In Raskin v Mediterranean Olives Estate Limited & Ors the Victorian Supreme Court (Hargrave J) was considering, among other things, whether an expert determination clause was void for uncertainty. His Honour, in considering whether the particular expert determination clause was unenforceable in this case, makes a distinction between simple and more complex cases. His Honour said:
29 The plaintiff contends that the expert determination clause is void for uncertainty. Reliance was placed upon the decision of Vickery J in WTE Co-Generation & Anor v RCR Energy Pty Ltd & Anor. In WTE Co-Generation, Vickery J considered an agreement containing a clause requiring the parties, in response to a notice of dispute served by a party, to engage in a settlement conference as a pre-condition to a party commencing a legal proceeding. The plaintiffs in that case contended that the agreement to negotiate at a settlement conference was uncertain and unenforceable. In this context, Vickery J summarised some of the legal principles relating to whether ‘dispute resolution clauses’ are enforceable. Relevantly, his Honour stated:
Dispute resolution clauses in contracts should be construed robustly to give them commercial effect. The modern approach to the construction of commercial agreements is generally to endeavour to uphold the bargain by eschewing a narrow or pedantic approach in favour of a commercially sensible construction, unless irremediable obscurity or a like fundamental flaw indicates that there is, in fact, no agreement.
Honest business people who approach a dispute about an existing contract will often be able to settle it. If business people are prepared in the exercise of their commercial judgment to constrain themselves by reference to express words that are broad and general, but which nevertheless have sensible and ascribable meaning, the task of the court is to give effect to and not to impede such solemn express contractual provisions. Uncertainty of proof does not detract from there being a real obligation with real content.
A dispute resolution clause in a contract, consistently with public policy in promoting efficient dispute resolution, especially commercial dispute resolution, requires that, where possible, enforceable content be given to contractual dispute resolution clauses.
The trend of recent authority is in favour of construing dispute resolution clauses where possible, in a way that will enable those clauses to work as the parties appear to have intended, and to be relatively slow to declare such provisions void either for uncertainty or as an attempt to oust the jurisdiction of the court.
The court does not need to see a set of rules set out in advance by which the agreement, if any, between the parties may in fact be achieved. The process need not be overly structured. However, the process from which consent might come must be sufficiently certain to be enforceable.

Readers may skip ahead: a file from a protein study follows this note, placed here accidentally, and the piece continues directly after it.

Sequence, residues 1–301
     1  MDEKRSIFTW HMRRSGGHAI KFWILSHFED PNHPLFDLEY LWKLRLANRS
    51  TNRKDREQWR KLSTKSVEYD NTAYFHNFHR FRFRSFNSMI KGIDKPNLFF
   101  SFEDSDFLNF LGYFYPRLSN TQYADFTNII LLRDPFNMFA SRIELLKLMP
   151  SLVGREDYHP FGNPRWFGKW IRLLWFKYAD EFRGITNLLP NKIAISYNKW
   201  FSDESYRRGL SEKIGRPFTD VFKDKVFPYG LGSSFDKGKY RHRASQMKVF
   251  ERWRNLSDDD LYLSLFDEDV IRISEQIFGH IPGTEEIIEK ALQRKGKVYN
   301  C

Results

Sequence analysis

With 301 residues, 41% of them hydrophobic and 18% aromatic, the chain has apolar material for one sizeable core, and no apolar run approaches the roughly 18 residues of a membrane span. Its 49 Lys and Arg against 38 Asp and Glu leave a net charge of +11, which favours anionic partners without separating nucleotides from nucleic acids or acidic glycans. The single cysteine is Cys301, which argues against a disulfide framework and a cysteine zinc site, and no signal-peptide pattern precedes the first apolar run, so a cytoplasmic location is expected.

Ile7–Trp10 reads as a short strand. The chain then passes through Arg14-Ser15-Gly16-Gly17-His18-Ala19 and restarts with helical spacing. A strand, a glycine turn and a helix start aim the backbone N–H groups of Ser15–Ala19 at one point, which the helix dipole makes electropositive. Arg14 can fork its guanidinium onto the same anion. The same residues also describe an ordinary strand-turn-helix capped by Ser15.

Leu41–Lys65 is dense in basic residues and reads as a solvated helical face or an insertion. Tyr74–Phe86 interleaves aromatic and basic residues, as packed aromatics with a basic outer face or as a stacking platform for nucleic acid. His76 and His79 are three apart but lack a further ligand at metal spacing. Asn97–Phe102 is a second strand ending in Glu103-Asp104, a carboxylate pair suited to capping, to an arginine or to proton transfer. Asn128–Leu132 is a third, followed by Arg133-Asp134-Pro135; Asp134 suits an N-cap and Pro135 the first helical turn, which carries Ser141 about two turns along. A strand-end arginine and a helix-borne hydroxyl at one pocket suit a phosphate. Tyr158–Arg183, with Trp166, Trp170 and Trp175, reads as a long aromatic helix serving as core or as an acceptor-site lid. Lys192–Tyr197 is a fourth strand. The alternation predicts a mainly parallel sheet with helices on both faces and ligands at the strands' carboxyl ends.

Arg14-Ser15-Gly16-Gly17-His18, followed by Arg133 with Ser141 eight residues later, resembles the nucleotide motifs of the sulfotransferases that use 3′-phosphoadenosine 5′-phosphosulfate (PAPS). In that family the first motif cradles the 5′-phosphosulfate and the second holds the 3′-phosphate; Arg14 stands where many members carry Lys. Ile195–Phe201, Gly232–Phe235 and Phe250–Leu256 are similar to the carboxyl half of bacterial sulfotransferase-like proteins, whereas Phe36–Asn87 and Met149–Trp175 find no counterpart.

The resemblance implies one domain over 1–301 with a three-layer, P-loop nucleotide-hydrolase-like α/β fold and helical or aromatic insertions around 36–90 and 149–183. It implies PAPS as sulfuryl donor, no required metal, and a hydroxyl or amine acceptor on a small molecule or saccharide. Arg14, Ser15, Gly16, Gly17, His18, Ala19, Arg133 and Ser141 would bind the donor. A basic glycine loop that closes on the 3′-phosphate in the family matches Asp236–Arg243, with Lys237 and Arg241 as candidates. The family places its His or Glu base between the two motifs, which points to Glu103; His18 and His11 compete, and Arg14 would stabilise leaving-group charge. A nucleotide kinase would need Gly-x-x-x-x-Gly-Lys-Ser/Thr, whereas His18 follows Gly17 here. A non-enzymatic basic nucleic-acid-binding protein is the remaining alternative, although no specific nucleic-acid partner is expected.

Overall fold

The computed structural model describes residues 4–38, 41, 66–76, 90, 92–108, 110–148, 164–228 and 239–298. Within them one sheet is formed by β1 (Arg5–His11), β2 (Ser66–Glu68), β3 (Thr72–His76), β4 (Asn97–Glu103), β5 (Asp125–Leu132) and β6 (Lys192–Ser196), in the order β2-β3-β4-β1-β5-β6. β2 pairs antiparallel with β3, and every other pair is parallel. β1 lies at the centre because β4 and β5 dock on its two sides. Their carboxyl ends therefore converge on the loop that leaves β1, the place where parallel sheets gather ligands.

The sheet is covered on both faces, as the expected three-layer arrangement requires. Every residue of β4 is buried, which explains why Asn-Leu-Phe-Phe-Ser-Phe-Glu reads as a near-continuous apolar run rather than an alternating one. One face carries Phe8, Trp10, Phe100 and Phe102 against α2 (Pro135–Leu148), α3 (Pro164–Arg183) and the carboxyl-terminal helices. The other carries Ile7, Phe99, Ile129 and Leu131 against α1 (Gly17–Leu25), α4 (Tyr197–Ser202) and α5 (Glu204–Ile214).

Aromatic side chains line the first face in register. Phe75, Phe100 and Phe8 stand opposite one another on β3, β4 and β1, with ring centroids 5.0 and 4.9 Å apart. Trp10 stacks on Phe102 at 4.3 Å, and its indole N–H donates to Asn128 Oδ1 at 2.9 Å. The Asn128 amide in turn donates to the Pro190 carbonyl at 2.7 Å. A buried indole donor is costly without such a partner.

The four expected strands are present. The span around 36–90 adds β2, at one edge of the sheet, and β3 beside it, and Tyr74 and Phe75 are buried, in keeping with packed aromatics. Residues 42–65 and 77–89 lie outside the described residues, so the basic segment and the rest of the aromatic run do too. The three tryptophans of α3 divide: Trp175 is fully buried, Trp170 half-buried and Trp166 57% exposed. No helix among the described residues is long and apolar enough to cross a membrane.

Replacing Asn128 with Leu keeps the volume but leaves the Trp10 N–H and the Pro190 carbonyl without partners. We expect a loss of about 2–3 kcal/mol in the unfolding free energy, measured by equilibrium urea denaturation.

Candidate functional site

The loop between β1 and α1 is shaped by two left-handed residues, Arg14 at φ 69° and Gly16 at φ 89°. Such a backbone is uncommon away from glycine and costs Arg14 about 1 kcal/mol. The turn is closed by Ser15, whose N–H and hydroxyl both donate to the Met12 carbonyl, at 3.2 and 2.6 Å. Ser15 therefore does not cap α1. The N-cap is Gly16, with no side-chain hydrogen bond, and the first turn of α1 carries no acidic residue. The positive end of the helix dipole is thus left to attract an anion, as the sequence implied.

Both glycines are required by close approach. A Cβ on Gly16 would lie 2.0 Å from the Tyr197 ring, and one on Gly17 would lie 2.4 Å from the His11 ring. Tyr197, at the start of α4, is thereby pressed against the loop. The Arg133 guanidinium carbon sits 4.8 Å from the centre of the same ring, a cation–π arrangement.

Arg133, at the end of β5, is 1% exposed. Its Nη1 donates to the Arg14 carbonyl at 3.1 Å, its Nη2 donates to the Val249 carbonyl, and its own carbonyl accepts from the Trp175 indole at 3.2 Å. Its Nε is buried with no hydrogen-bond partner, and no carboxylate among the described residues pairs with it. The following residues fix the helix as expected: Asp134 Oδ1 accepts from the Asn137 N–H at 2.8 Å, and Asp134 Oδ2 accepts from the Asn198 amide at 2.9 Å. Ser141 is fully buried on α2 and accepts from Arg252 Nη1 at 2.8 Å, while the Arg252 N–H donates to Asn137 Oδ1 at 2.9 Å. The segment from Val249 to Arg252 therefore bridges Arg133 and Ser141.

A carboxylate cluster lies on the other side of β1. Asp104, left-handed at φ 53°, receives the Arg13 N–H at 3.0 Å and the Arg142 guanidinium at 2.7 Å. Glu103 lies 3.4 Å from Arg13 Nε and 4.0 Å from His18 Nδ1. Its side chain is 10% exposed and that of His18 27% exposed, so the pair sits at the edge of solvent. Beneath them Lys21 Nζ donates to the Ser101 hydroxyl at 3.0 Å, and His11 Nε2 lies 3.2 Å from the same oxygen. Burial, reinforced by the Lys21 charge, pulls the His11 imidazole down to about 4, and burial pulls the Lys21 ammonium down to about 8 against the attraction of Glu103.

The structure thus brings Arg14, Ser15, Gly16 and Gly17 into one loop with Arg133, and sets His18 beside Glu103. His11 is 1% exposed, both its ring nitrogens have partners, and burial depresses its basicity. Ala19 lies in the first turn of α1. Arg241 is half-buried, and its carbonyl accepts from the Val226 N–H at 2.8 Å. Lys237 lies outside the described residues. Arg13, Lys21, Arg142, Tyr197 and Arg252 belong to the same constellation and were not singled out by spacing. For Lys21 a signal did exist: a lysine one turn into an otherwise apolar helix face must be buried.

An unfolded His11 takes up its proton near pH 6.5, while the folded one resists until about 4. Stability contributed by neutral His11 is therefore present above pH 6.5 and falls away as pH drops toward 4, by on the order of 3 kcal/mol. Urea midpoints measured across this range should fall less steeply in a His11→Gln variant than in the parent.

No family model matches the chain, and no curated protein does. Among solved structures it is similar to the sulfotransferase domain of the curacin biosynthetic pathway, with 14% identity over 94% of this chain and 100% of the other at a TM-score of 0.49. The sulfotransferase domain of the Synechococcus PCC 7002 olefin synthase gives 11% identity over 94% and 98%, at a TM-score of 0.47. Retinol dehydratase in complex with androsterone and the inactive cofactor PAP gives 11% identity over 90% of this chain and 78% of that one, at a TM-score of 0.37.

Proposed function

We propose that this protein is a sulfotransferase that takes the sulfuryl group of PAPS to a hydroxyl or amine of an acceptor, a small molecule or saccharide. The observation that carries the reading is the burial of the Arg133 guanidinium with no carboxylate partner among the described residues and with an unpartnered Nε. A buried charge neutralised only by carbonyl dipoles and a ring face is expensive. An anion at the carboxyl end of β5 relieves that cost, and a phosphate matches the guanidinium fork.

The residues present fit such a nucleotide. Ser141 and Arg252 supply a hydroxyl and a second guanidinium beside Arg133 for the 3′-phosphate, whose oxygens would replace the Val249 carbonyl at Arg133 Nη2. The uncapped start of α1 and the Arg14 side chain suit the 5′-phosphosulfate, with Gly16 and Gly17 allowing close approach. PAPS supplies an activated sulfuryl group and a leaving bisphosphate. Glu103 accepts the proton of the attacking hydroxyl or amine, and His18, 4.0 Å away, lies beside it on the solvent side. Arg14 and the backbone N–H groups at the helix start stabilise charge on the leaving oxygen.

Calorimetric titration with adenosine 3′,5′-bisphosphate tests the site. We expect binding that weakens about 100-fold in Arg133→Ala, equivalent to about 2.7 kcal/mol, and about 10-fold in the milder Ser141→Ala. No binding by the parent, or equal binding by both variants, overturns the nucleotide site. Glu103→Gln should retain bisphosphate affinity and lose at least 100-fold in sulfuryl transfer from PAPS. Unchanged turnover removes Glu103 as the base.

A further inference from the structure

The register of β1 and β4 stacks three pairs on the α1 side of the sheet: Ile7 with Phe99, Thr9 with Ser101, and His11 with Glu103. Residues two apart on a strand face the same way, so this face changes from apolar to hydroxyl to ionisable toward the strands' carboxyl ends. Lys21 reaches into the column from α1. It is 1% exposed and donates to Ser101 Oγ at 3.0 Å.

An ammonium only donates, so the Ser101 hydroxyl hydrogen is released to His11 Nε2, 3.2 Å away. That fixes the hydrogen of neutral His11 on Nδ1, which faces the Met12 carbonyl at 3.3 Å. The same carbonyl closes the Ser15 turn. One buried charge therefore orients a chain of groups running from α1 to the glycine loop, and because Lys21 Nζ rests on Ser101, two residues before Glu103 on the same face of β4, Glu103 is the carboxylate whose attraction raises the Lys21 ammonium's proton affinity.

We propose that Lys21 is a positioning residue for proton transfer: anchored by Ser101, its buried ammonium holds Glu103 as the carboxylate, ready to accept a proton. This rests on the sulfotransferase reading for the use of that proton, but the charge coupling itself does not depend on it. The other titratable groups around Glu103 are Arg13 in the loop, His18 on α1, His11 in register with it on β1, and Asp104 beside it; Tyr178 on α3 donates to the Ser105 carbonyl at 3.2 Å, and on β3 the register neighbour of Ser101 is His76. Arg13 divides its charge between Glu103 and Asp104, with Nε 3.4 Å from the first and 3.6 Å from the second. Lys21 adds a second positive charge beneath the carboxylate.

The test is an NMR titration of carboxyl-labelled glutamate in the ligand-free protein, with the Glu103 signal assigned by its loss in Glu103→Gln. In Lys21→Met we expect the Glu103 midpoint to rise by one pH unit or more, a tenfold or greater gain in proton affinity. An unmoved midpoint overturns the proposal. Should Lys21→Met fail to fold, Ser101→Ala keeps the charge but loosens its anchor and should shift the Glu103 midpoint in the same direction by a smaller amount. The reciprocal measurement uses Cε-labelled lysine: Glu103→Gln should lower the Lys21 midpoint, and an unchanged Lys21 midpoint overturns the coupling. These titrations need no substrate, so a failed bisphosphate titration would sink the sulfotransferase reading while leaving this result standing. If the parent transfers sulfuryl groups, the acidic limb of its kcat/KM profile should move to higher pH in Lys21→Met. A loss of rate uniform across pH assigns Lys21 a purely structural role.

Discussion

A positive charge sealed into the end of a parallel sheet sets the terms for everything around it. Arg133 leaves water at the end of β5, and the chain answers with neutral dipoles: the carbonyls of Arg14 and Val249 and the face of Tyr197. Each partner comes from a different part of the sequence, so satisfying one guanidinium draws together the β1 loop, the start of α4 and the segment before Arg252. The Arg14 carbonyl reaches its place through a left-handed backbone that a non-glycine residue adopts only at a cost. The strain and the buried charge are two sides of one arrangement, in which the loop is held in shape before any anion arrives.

30 With respect, I do not accept that the emphasised sentence in paragraph 8 of Vickery J’s summary is correct as a matter of general principle. The sentence is based on the decision of Warren J (as the Chief Justice then was) in Computershare Ltd v Perpetual Registrars Ltd. That case relevantly concerned the enforceability of an agreement to negotiate in good faith (a specified objective standard) to either resolve the dispute or to agree on ….
31 It was on the basis of the particular clause in the particular contract, that her Honour held that:
In these circumstances, the Court does not need to see a set of rules [set] out in advance by which the agreement, if any, between the parties may in fact be achieved
There is no general legal principle to that effect applying to all kinds of alternative dispute resolution clauses.
34 In my opinion, care needs to be taken in applying the statements in WTE Co-Generation to cases involving expert determination clauses. That case did not involve an expert determination clause, but a requirement to engage in a settlement conference. Although there is some commonality of approach, different kinds of alternative dispute resolution clauses may involve differing approaches. The context in which the alternative dispute resolution clause appears and is intended to operate will always be a relevant factor to consider. General rules should be viewed with caution, and each case determined on its own facts. In particular, whether an expert determination clause is uncertain will depend on the context of the clause in the contract as a whole; the nature and width of the dispute or disputes which are or may be referred to the expert; and the content of the issues he or she must consider to determine the dispute.